Greece in Athens; to attend and deliver Taxonomy; and to Kauai, Hawaii (8/14 to visit Louisiana State University col- papers at the meeting of the International – 8/29) to do research on the Flora of the leagues and to attend the Botany 2013 Association for the History of Nephrol- Marquesas Islands project. conference, where she was a co-author ogy, held in Ancient Olympia and Patras, Jun Wen traveled to New Orleans, on a talk presented by former graduate Greece; and to study and analyze ancient Louisiana (7/27 – 8/2) to attend the student Mike Martin. Greek manuscripts conserved in libraries Botany 2013 conference; and to Shanghai, of monasteries in Lesvos Island. China and Bogor, Indonesia (8/20 – 9/26) Warren Wagner traveled to New to present talks at the Orleans, Louisiana (7/27 – 8/1) to attend Symposium and the Flora Malesiana the Botany 2013 conference and to Symposium, and to conduct field work in attend the council meetings of the Ameri- Indonesia. can Society of Plant Taxonomists and Liz Zimmer traveled to Baton Rouge the International Association for Plant and New Orleans, Louisiana (7/26 – 7/28)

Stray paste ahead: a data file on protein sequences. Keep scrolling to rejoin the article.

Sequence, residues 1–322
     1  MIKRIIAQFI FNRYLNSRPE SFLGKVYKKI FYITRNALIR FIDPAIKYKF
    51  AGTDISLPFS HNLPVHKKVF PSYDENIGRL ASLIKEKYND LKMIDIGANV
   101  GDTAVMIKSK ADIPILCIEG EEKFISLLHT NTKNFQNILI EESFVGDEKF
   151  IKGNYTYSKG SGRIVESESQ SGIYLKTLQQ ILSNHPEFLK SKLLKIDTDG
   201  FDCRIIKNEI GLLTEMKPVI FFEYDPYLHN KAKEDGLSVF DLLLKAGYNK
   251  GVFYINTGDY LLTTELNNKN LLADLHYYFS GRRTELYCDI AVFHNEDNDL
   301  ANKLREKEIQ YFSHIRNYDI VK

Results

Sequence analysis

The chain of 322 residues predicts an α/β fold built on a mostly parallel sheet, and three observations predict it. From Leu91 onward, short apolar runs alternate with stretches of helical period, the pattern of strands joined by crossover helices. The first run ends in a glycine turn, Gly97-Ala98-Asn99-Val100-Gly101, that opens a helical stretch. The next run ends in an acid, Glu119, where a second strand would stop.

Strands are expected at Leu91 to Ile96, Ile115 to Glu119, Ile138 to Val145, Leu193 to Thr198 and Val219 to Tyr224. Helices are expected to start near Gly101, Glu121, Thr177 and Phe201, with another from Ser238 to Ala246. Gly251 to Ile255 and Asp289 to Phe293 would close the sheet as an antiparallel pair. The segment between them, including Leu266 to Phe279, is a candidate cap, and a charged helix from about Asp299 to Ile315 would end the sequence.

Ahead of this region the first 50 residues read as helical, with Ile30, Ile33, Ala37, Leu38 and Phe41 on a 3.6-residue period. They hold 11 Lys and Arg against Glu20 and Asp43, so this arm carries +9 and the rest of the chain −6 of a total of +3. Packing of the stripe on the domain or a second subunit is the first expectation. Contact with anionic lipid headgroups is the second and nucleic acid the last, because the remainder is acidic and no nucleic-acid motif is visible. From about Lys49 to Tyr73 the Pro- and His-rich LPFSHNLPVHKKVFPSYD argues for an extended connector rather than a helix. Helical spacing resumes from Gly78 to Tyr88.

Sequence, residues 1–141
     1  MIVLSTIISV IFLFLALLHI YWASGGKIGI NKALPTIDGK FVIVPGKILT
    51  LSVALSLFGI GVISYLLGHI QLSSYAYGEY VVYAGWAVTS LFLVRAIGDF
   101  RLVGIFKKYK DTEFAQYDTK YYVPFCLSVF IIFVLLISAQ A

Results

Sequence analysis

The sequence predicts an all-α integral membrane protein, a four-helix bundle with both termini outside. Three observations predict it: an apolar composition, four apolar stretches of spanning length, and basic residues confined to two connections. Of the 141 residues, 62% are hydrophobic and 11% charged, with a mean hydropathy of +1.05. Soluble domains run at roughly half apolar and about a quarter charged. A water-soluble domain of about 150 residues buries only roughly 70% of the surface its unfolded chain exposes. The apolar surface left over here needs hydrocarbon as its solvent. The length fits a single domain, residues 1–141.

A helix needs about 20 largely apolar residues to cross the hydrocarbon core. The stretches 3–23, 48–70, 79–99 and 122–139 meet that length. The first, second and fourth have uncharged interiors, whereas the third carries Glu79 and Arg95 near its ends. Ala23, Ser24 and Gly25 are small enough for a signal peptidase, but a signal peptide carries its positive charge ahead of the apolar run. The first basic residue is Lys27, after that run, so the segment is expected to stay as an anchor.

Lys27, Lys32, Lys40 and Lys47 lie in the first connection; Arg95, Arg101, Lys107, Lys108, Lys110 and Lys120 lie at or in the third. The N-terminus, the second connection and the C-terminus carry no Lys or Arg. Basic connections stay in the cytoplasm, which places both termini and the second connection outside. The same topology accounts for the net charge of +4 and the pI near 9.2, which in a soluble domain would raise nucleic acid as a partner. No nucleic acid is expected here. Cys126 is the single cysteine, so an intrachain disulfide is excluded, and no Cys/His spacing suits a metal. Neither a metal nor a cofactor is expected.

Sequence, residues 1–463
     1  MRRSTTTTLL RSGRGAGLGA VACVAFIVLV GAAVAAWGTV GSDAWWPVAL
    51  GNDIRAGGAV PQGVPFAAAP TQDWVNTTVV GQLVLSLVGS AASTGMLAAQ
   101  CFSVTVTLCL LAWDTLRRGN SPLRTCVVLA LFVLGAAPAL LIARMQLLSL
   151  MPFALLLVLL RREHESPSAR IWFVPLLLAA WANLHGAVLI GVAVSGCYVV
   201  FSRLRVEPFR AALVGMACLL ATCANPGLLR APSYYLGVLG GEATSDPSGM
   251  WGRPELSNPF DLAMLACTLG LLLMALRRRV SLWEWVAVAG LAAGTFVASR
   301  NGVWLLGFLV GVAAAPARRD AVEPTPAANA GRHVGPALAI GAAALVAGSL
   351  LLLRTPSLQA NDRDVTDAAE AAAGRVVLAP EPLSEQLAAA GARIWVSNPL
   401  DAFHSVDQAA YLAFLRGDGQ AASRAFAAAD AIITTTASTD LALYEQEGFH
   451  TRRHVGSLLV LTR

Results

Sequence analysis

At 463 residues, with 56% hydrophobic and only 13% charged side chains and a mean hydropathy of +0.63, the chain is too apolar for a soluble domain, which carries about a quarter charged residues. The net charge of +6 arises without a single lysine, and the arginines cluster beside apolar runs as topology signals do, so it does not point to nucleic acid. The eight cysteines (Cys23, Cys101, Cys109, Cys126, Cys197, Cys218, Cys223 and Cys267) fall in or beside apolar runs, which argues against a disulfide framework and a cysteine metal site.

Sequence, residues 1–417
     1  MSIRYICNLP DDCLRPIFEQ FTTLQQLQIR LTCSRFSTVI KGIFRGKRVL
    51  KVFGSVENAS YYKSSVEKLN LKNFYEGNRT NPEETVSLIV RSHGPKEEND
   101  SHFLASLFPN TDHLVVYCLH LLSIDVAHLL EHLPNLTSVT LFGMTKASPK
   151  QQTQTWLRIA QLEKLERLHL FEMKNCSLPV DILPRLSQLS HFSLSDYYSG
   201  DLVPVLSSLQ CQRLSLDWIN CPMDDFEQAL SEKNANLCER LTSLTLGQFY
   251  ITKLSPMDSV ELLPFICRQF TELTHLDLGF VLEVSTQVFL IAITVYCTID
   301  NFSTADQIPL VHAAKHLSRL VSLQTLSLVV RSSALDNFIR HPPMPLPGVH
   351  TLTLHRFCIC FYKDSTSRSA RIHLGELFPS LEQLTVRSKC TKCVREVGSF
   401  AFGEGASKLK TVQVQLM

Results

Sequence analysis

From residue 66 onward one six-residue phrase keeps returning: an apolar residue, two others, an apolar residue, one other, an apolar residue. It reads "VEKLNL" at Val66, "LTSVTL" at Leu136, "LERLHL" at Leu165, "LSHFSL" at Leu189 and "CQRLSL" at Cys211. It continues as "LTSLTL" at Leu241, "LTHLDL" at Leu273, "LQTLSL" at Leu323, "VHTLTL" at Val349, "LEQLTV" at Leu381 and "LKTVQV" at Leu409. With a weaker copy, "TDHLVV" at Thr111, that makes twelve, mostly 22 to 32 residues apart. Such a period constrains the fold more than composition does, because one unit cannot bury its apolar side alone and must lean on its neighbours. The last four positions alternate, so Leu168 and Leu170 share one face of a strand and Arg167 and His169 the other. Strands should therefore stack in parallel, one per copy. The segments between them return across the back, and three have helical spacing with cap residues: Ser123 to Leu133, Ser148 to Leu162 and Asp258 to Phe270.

Page 3 year the group surveyed six plots. Some Katherine Dymek, Smith College; Plant Staff major pests found are Lonicera japon- DNA barcode project (5/20-7/26). ica, L. maackii, Celastrus orbiculatus, Research & Glechoma hederacea, and Microstegium Kalli Beasley, Western Kentucky Univer- vimenium. sity; Jose Cuatrecasas project internship Activities (5/25-8/17). Alice Tangerini’s artwork was featured Monica Serrano, Colombia; Jose Cua- Gary Krupnick was one of five guest in two exhibits this summer. The first was th trecasas project translator (5/27-8/2). speakers at a July 30th workshop presented “IC16”, the 16 annual juried exhibi- by the Smithsonian’s Science Education tion by the Illustrators Club of DC which Elena Meyer, Northern Virginia Com- Center (SSEC) for teachers and adminis- was held June 11 through July 13 at the munity College; Bulky bamboo internship trators. The goal of the SSEC program was Pepco Edison Place Gallery in Washing- (5/28-8/9). to help teachers learn more about STEM ton, DC. Tangerini exhibited her color Katherine Gilchrist, Virginia; Jose Cua- (Science, Technology, Engineering, Math) rendition of Globba sherwoodiana. The trecasas project internship (6/1-7/31). related careers so that they can better com- second exhibition was “Botanica 2013, municate to their students the many ways The Art & Science of Plants,” the annual Leah Aronowsky, Harvard University; they can pursue careers that use what is juried exhibition of botanical art by artists U.S. Exploring Expedition (6/3-8/2). being taught in the classroom. The guest associated with the Brookside Gardens panel included a variety of museum staff School of Botanical Art & Illustration Elena Clark, George Washington Univer- that conduct research, care for collec- and members of the Botanical Art Society sity, and Rachel Livengood, Bloomsburg tions, work on developing new exhibits, of the Capital Region which ran June 29 University of Pennsylvania; Plant conser- and teach the public. The workshop was through August 10 at Brookside Gardens vation internship (6/3-8/9). in Wheaton, Maryland. Tangerini exhib- held at the National Museum of Natural Killian Miller, District of Columbia; Jose History. ited two artworks: Besleria sp. nov. and Platycarphella parvifolia. Cuatrecasas project internship (6/3-8/9). On September 12, Chris Puttock gave Amanda Sikirica, Virginia; Jose Cua- the monthly botanical talk at the Virginia Visitors trecasas project internship (6/7-8/20). Native Plant Society on “ of Vir- ginia.” He was also the keynote speaker Carlos García-Robledo, Smithsonian Rubens Coelho, State University of at the 43rd Annual Prince George’s County Fellow; Plant- interaction Campinas, Brazil; Allophylus (Sapin- Beautification Awards Ceremony on Sep- (7/20/10-7/20/13). daceae) (6/10-8/8). tember 25, giving a presentation entitled, Kenneth Bauters, Ghent University, Bel- “Non-natives Versus Natives: What’s in Janelle Burke, New York Botanical Gar- guim; Scleria (Cyperaceae) (6/14-7/5). Your Garden?” den; Tropical Polygonaceae and Plumbag- inaceae (8/1/12-12/31/14). Caitlyn Maczka, Montgomery College; With a grant from the Washington Bio- Flora of Classical Antiquity (6/15-8/31). logical Field Club (WBFC), the club’s Jianqiang Zhang, Peking University, China; Rhodiola (Crassulaceae) (10/8/12- Committee on Invasive Biota, led by Rob Katherine Sizov, Virginia; Jose Cuatreca- 10/7/13). Soreng, began a three year, spring and fall sas project internship (6/21-8/23). survey of , focused on invasive Genevieve Croft, Washington University; Katya Medrano and Samerawit Sebe- plants, on , Potomac Byrsonima crassifolia (Malpighiaceae) sibe, Washington, DC; Heliconia project River, Maryland. The island is situated in (10/16/12-10/16/13). the Potomac Gorge just below the Ameri- (6/24-8/2). Leah Birdwell, University of Maryland, can Legion Bridge (US 495), and covers Alexander Dudley, University of Colo- College Park; Silene (Caryophyllaceae) approximately 12 acres of land, situated rado; Liberian collections (6/24-8/16). within the confines of the C&O Canal (1/7-7/21). National Park. The biota of the island has Clara Finkelstein, Kensington, Maryland, Ning Zhang, Pennsylvania State Univer- been extensively studied by the WBFC and Nicole Choi, University of Maryland, sity; Vitaceae (1/7/13-6/30/15). (vegetation and plant checklist: Shetler, S., College Park; Historical expeditions proj- et al. 2006. Bull. Biological Soc. Wash. no. Jesus Valdez R., Universidad Autónoma ect (6/26-7/19). 14). Additionally the island has been off Agraria Antonio Narro, Mexico; Ryan Barlow, University of Mary Wash- limits to development for over 100 years. (2/7-12/7). ington; Caribbean seaweed internship The committee is recording all plants (6/6-8/9). found within 20 separate, 10-meter diam- Jorge A. Perez, University of California Davis; Prunus (Rosaceae) (3/7-7/13). eter plots, recording cover and frequency Fernanda dos Santos Silva, Jardim data for all plant with special Fabio Avila, Universidad Nacional de Botânico do Rio de Janeiro, Brazil; Dyckia attention to invasive plants. The goal is Colombia; Cuatrecasas project (4/1-8/3). (Bromeliaceae) (7/1-7/5). to provide baseline data for the WBFC to make future decisions about the direction Asmaa Muneer, University of Maryland; Joanne Birch, National Herbarium of of management of invasive species. This Plant DNA barcode project (4/22-12/31). Victoria, Australia; Australasian Poa Page 4 (Poaceae) (7/1-7/5). Timothy Gilla, University of Hawaii, Kenya; African Asplenium (Aspleniaceae) Manoa; Pandanaceae (7/15-7/28). (8/12-9/9). Peter Linder, University of Zurich, Swit- zerland; Grasses (7/1-7/7). Helena Pinto Lima, Universidade Federal Natalie Mueller, Washington University Rural do Rio de Janeiro, Brazil, and Kath- in St. Louis; Polygonum (Polygonaceae) Pengfei Ma, Kunming Institute of Botany, lyn Vasconcelos, Universidade do Estado (8/13). China; Bamboo (7/1-7/12). do Rio de Janeiro, Brazil; Zingiberales (7/15-7/16). Paulo Baleeiro, Universidade de São Diane Pollock, Venice High School, Cali- Paulo, Brazil; (Lentibulari- fornia; Economic plants (7/1). Paula Rudall, Royal Botanic Garden, aceae) (8/19-8/24). Kew; Monocots (7/15-7/24). Jennifer Strong, Virginia; Compositae Julian Campbell, Bluegrass Woodland volunteer (7/1-8/15). Maria Vorontsova, Royal Botanic Gar- Restoration Center; and Ken- Eleanor Wagner, Virginia; Pacific Island den, Kew; Grasses (7/15-7/19). tucky flora (8/19). flora internship (7/1-7/31). Vanessa Terra dos Santos, Centre Paulo Gonella, Universidade de São Amy Wang, Maryland; Silene (7/1-8/31). for Australian National Paulo, Brazil; Drosera (Droseraceae) Research; (7/15-7/18). (8/19-8/24). Cassiano Welker, Universidade Fed- eral do Rio Grande do Sul, Brazil; Helina Chin, California State University Jennifer Gordetsky, Johns Hopkins Uni- Andropogoneae (Poaceae) (7/1-7/5). at Monterey Bay; Botanical illustration versity; Medicinal plants (8/23). internship (7/16-9/10). Mannat Dhillon, University of Alberta, Peter Schafran, Old Dominion Univer- Canada; Flora of Classical Antiquity (7/8- Jefferson Maciel, Universidade Federal sity; Isoëtes (Isoetaceae) (8/26-8/30). 8/31). de Pernambuco, Brazil; Bromeliaceae (7/16-7/19). Elena Roman Jordan, Catedra de Tech- Joe Miller, Australian National Herbar- nologia de la Madera, Spain; Cupressaceae ium; neotropical Mimosoideae (Fabaceae) Fabian Michelangeli, New York Botani- (8/30-12/13). cal Garden; Melastomataceae (7/18-7/19). (7/8-7/26). Ignacio del val Gonzalez, Catedra de Felipe Borja, Virginia, and Xavier Lowe, Emmet Judziewicz, University of Technologia de la Madera, Spain; Cupres- Washington, DC; Youth Engagement Wisconsin-Stevens Point; Poaceae (7/22- saceae (8/30-9/12). 7/25). through Science (YES) internship, Carib- Maria José Reis da Rocha, Universidade seaweed project (7/8-8/2). Kerry Barringer, Brooklyn Botanic Federal de Minas, Brazil; Melastomateae Tiffany Munoz-Zegarra and Melissa Garden; North American Scrophulariaceae (9/4-9/6). (7/29-7/30). Ramos, Washington, DC; Youth Engage- Martha Tomecek and Lewis H. Ziska, ment through Science (YES) internship, Dale Dixon, National Herbarium of New U.S. Department of - Agricul- global project (7/8-8/2). South Wales, Australia; Collection man- tural Research Service; Solidago (Aster- Nils Niemeier, Cornell University; Flora agement (7/29-7/30). aceae) (9/9-12/9). of Classical Antiquity internship (7/8-8/10). Jay Frost, Jerold Panas, Linzy & Partners, Rich Spellenberg, New Mexico State Danielle Norwood, St. Mary’s College of Washington, DC; Historia Plantarum col- University; Aristolochia (Aristolochi- Maryland; Plant conservation internship lection (7/29). aceae) and Polianthes (Asparagaceae) (9/12). (7/8-8/23). Amanda Grusz, Duke University; Chei- Yuxiao Zhang, Kunming Institute of lanthes () (8/5-8/6). Vidal Mansano, Jardim Botânico do Rio Botany, China; Bamboo (7/10-7/12). de Janeiro, Brazil; (Fabaceae) Shuren Zhang, Chinese Academy of (9/16-9/18). David Carr, Mary McKenna, and 13 stu- Sciences, China; Asian Cyperaceae (8/5- dents, University of Virginia Blandy Field 8/31). Jonathan Price, University of Hawaii at Hilo; Hawaiian flora (9/23-10/23). Station; Herbarium tour, plant conserva- Kathleen Stewart, Shenandoah Memorial tion (7/12). Hospital, and J.J. Waller, Texas Healthnet M. Das Sivadasan, King Saud Univer- Tim Gallaher, University of Hawaii; Medical Clinic Ltd; Medicinal plants of sity, Saudi Arabia; Anaphyllum and Lasia Pandanaceae (7/14-7/26). Antiquity (8/6). () (9/24). Richard Bateman, Royal Botanic Gar- Heroen Verbruggen, University of Mel- Danica Raynaud, AuthenTechnologies, den, Kew; Orchidaceae and bourne, Australia; (8/9-8/15). California; Eleutherococcus (Araliaceae), (7/15-7/24). Pueraria (Fabaceae), and Curcuma and Susan Hunter, National College of Natu- Zingiber (Zingiberaceae) (9/25-9/27). Aleksey Gibson, Washington, DC; His- ral Medicine; Mediterranean medicinal tory of Mediterranean botany and medi- plants (8/12). cine (7/15). Peris Kamau, National Museums of Page 5 species. The second Botany station was entitled, “Saving Paradise: Threatened Plants and How We Can Protect Them,” hosted by Gary Krupnick, Alice Tanger- ini, and interns Elena Clark and Danielle Norwood. The station highlighted how the Department of Botany is contribut- ing to the targets of the Global Strategy for Plant Conservation. Some of these are identifying new species, assessing the conservation status of species, caring for living endangered plants in research greenhouses, and educating the public about the importance of threatened plants. Living and dried specimens of endangered and extinct species were showcased and the process of illustrating threatened spe- cies was demonstrated. Krupnick also participated at a station entitled, “The Buzz on Bees,” hosted by The National Museum of Natural History hosted 1,800 Congressional staff, 20 the Department of Entomology’s Seán Members of Congress and their families, at the annual Congressional Night at Brady, Nate Erwin (Insect Zoo), and Sam the Smithsonian. The Department of Botany hosted two stations providing an Droege (USGS). The station highlighted opportunity to discuss the importance of science. (Photo by Gary Krupnick) the diversity of bees and emphasized Congressional Night Leafsnap, an iPhone and iPad app, which their critical roles in providing uses an image recognition approach and services in agricultural and ecological set- at the Museum provides species identification within tings. The station featured a wide variety seconds by simply taking a photo of a tree of bee specimens from the collection, “Congressional Night at the Smithso- ; and 2) plant DNA barcodes, which common plants (potted) that attract native nian” was held at the National Museum offers a molecular approach to identifying bee , gear and equipment used of Natural History on the evening of July 24, 2013. The event was attended by 1,800 Congressional staff and their families, as well as 20 Members of Congress. The event encouraged Congressional staff to meet members of the museum’s research staff, engage in educational activities, and visit the museum’s exhibit halls. The evening also included the successful and dynamic debut of Q?rius - the museum’s new learning center. Sponsorship by Nis- san North America, Inc. provided support and refreshments. Guests had the opportunity to interact with museum staff and learn about their research and collections at 22 different stations. The success of the Congressional Night was in part due to broad participa- tion from across the museum’s research departments. The Department of Botany was represented by two stations. John Kress, Ida Lopez, contractor Masha Kuzmina, and interns Katherine Dymek and Asmaa Muneer hosted a station entitled, “Novel Technologies to Identify Plant Species, from Apps to Labs.” The Katherine Dymek, Botany intern from Smith College, demonstrates how to use the group demonstrated two current tech- iPad mobile app “Leafsnap” to identify for guests at Congressional Night. nologies in use for plant identification: 1) (Photo by Ida Lopez) Page 6 to research native bee diversity and evolu- around in the cabinets, I unearthed a “new tion, and tools used to manage record” of Eriophorum virginicum. This colonies. cottongrass is common in more northeast- A large contingency of volunteers from ern states, but it has virtually disappeared the museum assisted throughout the night. from Kentucky, with only two or three Volunteers from the Department of Botany currently known . This “new also included Andrew Clark, Elaine record” was a collection of Robert Runyon Haug, Melinda Peters, Meghann Toner, in 1928 that has never been assimilated and intern Elena Meyer. into the state’s Natural Heritage Program database. Through the wizardry of Wikipe- dia, I discovered that Runyon (previously off my radar-screen) was born in Boyd County, Kentucky, but became an amateur botanist, photographer, curio-shop mer- chant, and politician in Texas and Mexico. A Day with US: Between 9:30 am and 5:30 pm, break- The Herbarium that ing for an excellent lunch and cup of tea at the staff cafeteria downstairs, I was able Keeps on Giving to check on the following other items of interest: By Julian Campbell • Agrimonia striata: drew blank, remains When James Smithson endowed an unverified in Kentucky despite old “establishment for the increase & report by Kearney (1893)—where is of knowledge among men,” how could he his collection? possibly have imagined the pleasant place • Cyperus plukenetii: verified Braun’s that the Smithsonian’s Department of collection again from McCreary Co., Botany and Herbarium has now become? but still no trace of her cataloged col- Herbarium visitor Julian Campbell Located on the 4th and 5th West Wing floors lection from Rowan Co. examines historic specimens collected of that massive National Museum of Natu- • Hypericum pseudomaculatum: checked from Kentucky. (Photo by Debbie Bell) ral History building, I have been coming Braun’s collections that she referred to Lix’s (from Mammoth Cave) were here to study every year or two or three this species, but they are just robust H. annotated as this by Kanchi since 1982. Almost like going ‘through the punctatum. Gandhi, but Flora of North America looking glass’ one walks up through the • acuminata var. carolinae: excluded it from Kentucky—is it really ‘Ascent of Man’ exhibit or ascends on the checked Braun’s collection that she distinct anyway? elevator to the secure door, swiping one’s initially referred to L. saltuensis, but it • Ulmus thomasii and U. serotina: visitor pass for entry. A magical world is indeed var. carolinae. checked the few collections of these awaits! • nutans: checked Braun’s rather poorly known elms; no new For readers who may not be so familiar collection from Menifee Co., which records but more misidentification. with the visiting experience, let me outline Werner Dietrich had redetermined as highlights of a day recently spent here, O. biennis—rightly so? US is one of the most effective large checking on some botanical records from • I noted much O. nutans recently at herbaria in the world, partly because its Kentucky, where I have been working on higher elevation in West Virginia, collections are regularly used by many an atlas of the state’s vascular flora since flowering a few weeks earlier thanO. visiting researchers, as well as staff. The about 1990. There are many important old biennis at a lower elevation. open and friendly communication amongst collections of plants from Kentucky at US • Polygala nuttalii: verified Braun’s col- botanists that is fostered here is an essen- (the official acronym for this herbarium). lections again from a site in Metcalfe tial feature of the operation. Knowledge- Particularly important are the collections Co., the only records of this southeast- able visitors are able to make provisional of Lucy Braun (1889-1971), who, almost ern species in Kentucky. rearrangements within difficult taxa, using single handedly, documented the flora and • Polygonum buxiforme: verified Braun’s subfolders where appropriate. Doors vegetation of Kentucky during 1920-1950. collection of this overlooked species are open to a range of experts in offices I continually maintain a list of collections from Kenton Co., and discovered around the collections, so that useful dis- to check at major herbaria, attempting to McFarland’s from Fayette. cussion can often proceed and the staff can verify obscure records or to clarify iden- • Prunus allegheniensis: drew blank; keep an eye on the visitors in case they get tifications. My list for US has now gotten Braun initially used this name for a out of line. down to a handful of really problematic collection from McCreary Co., accord- cases, but it will probably never go to ing to Max Medley (1993). Julian Campbell is an Independent Con- zero—since taxonomic issues are never- • Schizachyrium scoparium var. diver- sultant at the Bluegrass Woodland Resto- ending! gens: Braun’s collections (from ration Center in Lexington, Kentucky Within the first few minutes of poking Christian and Grayson Cos.) and Henry